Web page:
Probably the highest-profile piece of public lands legislation on Neguse’s 2021 docket is the CORE (Colorado Outdoor Recreation and Economy) Act, which he’s reintroducing after it sputtered in a Republican-controlled Senate last year. The act would create about 73,000 acres of new wilderness areas in Colorado and federally protect about 400,000 acres of land in areas including the Continental Divide and San Juan Mountains. It would be the largest piece of Colorado public lands legislation since 1993. The act passed in the House in fall 2019 as part of the National Defense Authorization Act, with some Republican support.
Neguse is optimistic that the CORE Act will fare better in the Senate this year with the support of both Colorado senators — Sen. Michael Bennet led the legislation in the Senate, but former Sen. Cory Gardner hadn’t supported the bill — and a narrow Democratic majority.
“We’ve worked very hard to build bipartisan partnerships on Capitol Hill that would enable us to pursue our legislative agenda irrespective of which party happens to be in the majority,” Neguse said. “That being said, clearly, it will help tremendously to have partners now in the United States Senate.”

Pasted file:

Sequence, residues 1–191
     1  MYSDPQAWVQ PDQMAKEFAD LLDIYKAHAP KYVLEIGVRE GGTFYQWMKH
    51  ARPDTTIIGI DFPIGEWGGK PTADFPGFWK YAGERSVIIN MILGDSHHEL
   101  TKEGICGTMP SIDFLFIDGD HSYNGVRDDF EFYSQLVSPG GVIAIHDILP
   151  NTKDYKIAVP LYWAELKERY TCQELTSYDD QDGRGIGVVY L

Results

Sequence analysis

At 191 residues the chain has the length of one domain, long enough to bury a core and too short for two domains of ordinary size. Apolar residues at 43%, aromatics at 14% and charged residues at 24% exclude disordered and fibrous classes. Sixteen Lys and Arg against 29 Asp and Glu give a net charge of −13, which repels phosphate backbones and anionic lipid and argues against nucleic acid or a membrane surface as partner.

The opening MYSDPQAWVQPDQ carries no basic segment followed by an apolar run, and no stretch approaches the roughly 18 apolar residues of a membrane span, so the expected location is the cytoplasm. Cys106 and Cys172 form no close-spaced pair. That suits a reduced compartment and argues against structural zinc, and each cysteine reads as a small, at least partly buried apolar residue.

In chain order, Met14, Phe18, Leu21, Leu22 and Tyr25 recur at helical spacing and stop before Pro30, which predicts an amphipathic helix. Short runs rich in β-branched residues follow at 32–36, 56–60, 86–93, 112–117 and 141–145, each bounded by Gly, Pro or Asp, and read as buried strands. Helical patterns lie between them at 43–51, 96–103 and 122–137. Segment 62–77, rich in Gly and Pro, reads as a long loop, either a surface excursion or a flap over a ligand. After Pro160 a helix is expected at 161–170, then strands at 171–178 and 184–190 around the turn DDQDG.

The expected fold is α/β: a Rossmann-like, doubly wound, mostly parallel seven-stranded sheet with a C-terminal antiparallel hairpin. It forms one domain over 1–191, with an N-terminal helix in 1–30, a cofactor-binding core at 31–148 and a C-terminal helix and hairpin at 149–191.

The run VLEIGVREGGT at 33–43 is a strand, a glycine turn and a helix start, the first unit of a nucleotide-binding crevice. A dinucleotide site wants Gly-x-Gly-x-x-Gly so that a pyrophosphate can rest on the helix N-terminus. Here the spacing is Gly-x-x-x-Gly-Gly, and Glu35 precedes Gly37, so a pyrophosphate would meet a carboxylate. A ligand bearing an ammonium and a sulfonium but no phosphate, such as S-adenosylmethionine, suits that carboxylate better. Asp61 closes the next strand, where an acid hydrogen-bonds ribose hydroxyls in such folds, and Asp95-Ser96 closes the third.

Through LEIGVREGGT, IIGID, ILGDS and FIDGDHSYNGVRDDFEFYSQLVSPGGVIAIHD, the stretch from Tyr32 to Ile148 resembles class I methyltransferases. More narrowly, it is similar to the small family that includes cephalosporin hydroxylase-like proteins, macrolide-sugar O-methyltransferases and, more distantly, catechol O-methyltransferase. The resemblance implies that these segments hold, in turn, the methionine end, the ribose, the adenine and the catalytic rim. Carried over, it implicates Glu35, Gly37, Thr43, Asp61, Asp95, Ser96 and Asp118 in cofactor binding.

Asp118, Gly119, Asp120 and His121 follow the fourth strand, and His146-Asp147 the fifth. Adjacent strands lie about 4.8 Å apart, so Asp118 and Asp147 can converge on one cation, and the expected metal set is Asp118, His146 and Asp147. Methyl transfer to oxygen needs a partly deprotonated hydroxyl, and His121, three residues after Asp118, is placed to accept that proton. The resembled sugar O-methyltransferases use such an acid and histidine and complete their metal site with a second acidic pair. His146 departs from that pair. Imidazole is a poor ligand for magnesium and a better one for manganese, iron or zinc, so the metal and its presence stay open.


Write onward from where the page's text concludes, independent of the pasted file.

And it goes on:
Neguse is also reintroducing the 21st Century Conservation Corps Act, which would create a $9 billion fund for land and conservation corps to increase job training and hiring specifically for jobs in the woods. It would provide billions of dollars in funding for forest health restoration, reforestation efforts, economic relief for outfitters and tribal drinking water infrastructure repairs.
Neguse characterized the legislation as providing overdue investments in public lands and forests and stimulate the economy by “taking a page out of President Franklin D. Roosevelt’s successful playbook and revitalizing this popular program born out of the New Deal.”
“Our bill would put Americans back to work in natural resource management to restore America’s forests and would make needed investments to prevent catastrophic wildfire,” he said in a news release about the bill. “The proposal was written with Colorado in mind, with the west in mind, with the firefighters and emergency management officials and with our public lands and our climate in mind, and it’s time we get it done.”